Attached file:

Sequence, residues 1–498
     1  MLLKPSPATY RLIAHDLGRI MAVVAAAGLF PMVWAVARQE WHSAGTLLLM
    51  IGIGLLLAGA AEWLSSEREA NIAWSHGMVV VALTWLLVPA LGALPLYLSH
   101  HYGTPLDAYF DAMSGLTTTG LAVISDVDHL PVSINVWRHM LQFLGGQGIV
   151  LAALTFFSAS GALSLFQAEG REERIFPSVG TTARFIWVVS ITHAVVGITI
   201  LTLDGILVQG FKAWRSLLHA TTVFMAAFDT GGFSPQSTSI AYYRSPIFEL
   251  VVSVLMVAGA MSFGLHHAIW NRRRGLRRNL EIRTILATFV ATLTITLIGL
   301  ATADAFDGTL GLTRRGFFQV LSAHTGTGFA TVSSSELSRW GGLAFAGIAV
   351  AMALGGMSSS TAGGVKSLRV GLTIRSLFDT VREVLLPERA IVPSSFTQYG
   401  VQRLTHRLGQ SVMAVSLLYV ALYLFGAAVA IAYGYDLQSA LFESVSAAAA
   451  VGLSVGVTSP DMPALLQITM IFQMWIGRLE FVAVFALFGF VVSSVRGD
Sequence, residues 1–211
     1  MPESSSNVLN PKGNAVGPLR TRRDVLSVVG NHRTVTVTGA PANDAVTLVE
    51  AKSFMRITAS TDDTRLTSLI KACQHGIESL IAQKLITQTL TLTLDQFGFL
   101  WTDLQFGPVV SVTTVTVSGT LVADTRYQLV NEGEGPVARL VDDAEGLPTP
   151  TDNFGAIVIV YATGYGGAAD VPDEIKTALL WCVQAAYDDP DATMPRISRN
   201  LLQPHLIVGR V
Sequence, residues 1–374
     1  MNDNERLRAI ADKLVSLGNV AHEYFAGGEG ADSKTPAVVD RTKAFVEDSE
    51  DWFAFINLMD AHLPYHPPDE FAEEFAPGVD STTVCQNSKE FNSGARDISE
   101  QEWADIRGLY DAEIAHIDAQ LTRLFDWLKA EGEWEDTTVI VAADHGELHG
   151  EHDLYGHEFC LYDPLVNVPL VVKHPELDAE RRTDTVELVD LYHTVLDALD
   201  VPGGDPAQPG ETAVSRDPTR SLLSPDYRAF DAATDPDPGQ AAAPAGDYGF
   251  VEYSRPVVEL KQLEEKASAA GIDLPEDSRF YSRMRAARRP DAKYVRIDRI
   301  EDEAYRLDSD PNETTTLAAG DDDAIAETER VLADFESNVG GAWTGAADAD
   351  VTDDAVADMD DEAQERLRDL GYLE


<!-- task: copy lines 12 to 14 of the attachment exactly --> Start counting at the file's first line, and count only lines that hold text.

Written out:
Sequence, residues 1–211
     1  MPESSSNVLN PKGNAVGPLR TRRDVLSVVG NHRTVTVTGA PANDAVTLVE
    51  AKSFMRITAS TDDTRLTSLI KACQHGIESL IAQKLITQTL TLTLDQFGFL